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Greece ‘Going Under’ to Drive Gold Jump, Phoenix Says

April 29 (Bloomberg) -- Gold may rally to a record as the European sovereign debt crisis escalates, with Greece “going under” and investors losing confidence in paper currencies, said David Crichton-Watt, manager of Phoenix Gold Fund Ltd.

“I would be surprised if the gold price doesn’t go over $1,500 this year,” said Crichton-Watt, whose $100 million fund returned 122 percent last year. Gold, which touched a record $1,226.56 an ounce in December, may also benefit from resurgent inflation, Crichton-Watt said in a phone interview today.

The Greek public-debt crisis has infected financial markets worldwide, hurting equities and boosting gold, amid rising investor concern the nation may default. Gold was benefiting from safe-haven buying as contagion risks expanded, according to a report from Edel Tully, an analyst at UBS AG. Holdings in the SPDR Gold Trust climbed to an all-time high this week.

“Now we’ve got Greece going under and a lot of other countries looking likely to follow,” said Kuala Lumpur, Malaysia-based Crichton-Watt, 62. “It’s really a declining confidence in paper currencies,” Crichton-Watt said.

Bullion has risen 30 percent in the past year as investors from central banks to pension funds and individuals sought protection against currency debasement and inflation after governments spent $2 trillion to salvage the global economy from the worst recession since World War II. The precious metal has posted nine straight yearly gains from 2001.

Credit-Rating Cuts

Gold for immediate delivery advanced as much as 0.5 percent to $1,171.18 an ounce today after reaching $1,174.48 yesterday, the highest price since Dec. 4. Bullion priced in euros, sterling and the Swiss franc rose to records for a second day yesterday after Spain’s credit rating was cut by Standard & Poor’s, sparking concern that the deficit crisis is widening.

“Gold will rise together with the dollar as there will be a shift in funds into safer assets,” said Wallace Ng, executive director of the commodity derivatives team at Fortis Nederland NV in Hong Kong. Bullion typically moves counter to the U.S. currency. The metal may reach $1,300 this quarter, said Ng.

Phoenix Gold, managed under AIMS Asset Management Bhd., holds shares in gold-mining companies, physical gold as well as futures and options. It’s posted a year-to-date return of 5.5 percent, said Crichton-Watt. Hedge funds on average returned 2.6 percent in the first quarter, according to Hedge Fund Research Inc., a Chicago-based researcher.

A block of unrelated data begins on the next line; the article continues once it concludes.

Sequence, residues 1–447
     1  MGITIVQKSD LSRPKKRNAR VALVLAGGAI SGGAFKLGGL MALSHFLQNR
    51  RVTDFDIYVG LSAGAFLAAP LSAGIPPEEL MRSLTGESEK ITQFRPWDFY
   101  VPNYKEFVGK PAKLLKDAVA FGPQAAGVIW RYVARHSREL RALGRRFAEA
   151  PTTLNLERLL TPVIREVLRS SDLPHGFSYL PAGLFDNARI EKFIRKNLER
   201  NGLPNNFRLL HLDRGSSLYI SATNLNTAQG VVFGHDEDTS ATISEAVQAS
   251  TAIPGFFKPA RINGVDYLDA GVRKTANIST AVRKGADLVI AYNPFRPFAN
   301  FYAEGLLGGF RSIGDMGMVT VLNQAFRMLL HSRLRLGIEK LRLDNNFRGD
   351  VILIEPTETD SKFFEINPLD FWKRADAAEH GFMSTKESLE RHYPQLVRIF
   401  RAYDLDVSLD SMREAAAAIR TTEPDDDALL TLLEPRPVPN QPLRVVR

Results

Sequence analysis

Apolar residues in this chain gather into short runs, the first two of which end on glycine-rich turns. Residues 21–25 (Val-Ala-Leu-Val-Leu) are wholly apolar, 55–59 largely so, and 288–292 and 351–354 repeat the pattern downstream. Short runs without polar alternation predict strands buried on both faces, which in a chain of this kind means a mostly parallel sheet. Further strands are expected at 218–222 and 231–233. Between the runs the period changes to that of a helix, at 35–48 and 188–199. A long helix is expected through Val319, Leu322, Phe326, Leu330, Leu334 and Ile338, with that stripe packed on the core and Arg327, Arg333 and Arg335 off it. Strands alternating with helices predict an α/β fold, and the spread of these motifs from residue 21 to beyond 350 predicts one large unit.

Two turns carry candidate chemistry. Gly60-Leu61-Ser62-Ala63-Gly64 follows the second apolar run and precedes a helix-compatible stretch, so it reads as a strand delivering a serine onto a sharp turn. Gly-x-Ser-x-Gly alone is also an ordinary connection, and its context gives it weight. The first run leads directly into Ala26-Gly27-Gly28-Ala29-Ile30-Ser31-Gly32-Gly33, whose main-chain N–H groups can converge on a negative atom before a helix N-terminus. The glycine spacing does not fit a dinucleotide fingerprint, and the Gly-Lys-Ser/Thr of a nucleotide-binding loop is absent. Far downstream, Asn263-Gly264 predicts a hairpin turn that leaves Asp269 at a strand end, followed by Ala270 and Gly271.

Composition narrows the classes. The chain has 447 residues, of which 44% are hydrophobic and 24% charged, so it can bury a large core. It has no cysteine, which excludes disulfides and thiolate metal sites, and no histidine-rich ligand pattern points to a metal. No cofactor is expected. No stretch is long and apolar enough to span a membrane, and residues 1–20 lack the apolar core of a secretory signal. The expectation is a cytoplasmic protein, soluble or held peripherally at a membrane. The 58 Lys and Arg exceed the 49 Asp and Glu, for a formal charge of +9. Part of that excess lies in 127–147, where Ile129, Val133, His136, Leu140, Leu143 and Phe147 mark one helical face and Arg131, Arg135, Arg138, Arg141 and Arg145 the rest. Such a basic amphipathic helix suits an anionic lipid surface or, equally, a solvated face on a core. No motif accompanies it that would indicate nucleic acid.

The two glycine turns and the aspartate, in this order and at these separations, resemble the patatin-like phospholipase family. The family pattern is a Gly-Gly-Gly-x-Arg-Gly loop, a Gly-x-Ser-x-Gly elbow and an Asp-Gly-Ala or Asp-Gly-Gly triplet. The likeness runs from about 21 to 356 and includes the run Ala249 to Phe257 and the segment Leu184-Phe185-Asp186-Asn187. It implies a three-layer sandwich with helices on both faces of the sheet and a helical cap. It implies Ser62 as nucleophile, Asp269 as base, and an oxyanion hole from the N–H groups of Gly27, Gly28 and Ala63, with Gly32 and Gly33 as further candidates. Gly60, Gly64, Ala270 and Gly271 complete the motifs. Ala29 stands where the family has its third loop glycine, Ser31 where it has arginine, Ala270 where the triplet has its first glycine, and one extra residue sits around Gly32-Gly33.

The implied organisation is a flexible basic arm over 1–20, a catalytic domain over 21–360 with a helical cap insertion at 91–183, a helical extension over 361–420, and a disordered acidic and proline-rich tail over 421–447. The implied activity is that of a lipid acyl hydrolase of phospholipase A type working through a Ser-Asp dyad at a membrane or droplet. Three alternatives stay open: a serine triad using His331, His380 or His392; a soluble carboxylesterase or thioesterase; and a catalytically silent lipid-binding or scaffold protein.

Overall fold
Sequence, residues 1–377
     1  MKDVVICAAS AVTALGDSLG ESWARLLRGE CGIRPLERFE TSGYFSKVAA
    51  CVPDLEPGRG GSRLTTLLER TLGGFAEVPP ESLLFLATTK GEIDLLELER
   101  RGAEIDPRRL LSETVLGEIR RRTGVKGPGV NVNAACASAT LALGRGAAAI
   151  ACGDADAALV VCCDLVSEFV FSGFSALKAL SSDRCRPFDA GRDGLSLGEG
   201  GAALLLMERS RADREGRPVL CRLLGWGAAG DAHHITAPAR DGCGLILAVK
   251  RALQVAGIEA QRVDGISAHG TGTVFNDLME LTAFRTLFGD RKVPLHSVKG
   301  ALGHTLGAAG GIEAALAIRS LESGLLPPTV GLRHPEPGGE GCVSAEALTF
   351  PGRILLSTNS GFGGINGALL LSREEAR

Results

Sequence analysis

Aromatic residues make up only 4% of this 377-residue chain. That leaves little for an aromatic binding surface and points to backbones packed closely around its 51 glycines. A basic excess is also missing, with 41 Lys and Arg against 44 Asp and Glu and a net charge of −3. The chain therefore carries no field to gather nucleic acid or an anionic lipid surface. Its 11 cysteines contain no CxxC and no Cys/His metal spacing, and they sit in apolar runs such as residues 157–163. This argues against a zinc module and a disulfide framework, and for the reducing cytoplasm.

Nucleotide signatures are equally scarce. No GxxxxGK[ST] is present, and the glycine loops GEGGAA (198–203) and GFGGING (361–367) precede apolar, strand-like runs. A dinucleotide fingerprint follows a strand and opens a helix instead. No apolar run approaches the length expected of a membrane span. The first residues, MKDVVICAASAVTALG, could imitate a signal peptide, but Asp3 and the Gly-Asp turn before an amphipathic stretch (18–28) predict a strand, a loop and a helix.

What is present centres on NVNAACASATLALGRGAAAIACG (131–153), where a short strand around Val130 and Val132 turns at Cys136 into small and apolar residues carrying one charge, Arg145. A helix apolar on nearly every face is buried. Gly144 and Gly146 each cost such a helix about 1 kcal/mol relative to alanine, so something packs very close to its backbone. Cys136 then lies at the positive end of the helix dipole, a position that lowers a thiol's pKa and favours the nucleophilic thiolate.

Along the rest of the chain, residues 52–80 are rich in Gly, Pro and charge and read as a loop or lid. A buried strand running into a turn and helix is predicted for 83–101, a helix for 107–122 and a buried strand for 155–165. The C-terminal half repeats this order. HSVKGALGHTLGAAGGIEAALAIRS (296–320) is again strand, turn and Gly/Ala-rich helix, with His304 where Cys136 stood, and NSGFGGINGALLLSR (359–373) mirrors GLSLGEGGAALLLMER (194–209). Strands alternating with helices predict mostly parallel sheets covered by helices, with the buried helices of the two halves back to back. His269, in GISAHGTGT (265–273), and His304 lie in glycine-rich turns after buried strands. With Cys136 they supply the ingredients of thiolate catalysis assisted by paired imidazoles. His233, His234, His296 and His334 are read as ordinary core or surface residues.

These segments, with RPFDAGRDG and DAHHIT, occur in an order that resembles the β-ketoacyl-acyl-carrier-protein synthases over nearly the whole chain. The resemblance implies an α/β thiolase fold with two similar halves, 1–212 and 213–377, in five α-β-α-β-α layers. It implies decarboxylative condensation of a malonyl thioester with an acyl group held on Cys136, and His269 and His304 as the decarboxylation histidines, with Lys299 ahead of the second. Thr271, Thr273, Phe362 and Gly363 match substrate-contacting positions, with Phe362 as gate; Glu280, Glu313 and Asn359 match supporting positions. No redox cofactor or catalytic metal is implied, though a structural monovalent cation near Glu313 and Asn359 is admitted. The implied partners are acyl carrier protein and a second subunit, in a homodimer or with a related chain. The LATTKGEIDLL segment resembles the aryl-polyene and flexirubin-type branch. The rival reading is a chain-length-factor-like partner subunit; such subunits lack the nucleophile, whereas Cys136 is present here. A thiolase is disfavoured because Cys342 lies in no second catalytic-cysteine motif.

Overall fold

Credit-default swaps on the debt of Greece have climbed to a record as the 16 nations making up the euro zone have failed to bridge economic and political differences over a rescue package for the nation. The euro fell to a one-year low of $1.3115 yesterday.

‘Long Bullion’

“If gold prices go up, gold-mining companies do extremely well,” Crichton-Watt said. “We are long bullion, long gold-mining companies. It’s dangerous to be short at the moment,” he said. Among holdings are Australian-listed Azumah Resources Ltd. and Kingsgate Consolidated Ltd. in Thailand.

Crichton-Watt moved to Kuala Lumpur in 2000 from Hong Kong to avoid pollution and take advantage of a tax incentive offered by the government for overseas fund managers, he said. The fund, set up in 2001, was named after the bird from Greek mythology as gold was expected to come back like a phoenix from the ashes after 20 years of weak prices, he said.

Nouriel Roubini, the professor who forecast the U.S. recession more than a year before it began, said yesterday that Greece’s problems may be “the tip of the iceberg” for a wider range of fiscal problems. Governments may print money to “monetize” their debts, fueling inflation, Roubini said.

Holdings in the SPDR Gold Trust, the biggest exchange traded fund backed by bullion, expanded for a third day to a record 1,152.91 metric tons yesterday, according to figures on the company’s Web site.

“There’s a potential for further price gains in gold as an inability by some European countries to service debt fuels flight-to-quality sentiment,” said Chris Yoo, head of the global derivatives team at Samsung Futures Inc. in Seoul.

To contact the reporter on this story: Kyoungwha Kim in Singapore at

To contact the editor responsible for this story: James Poole at

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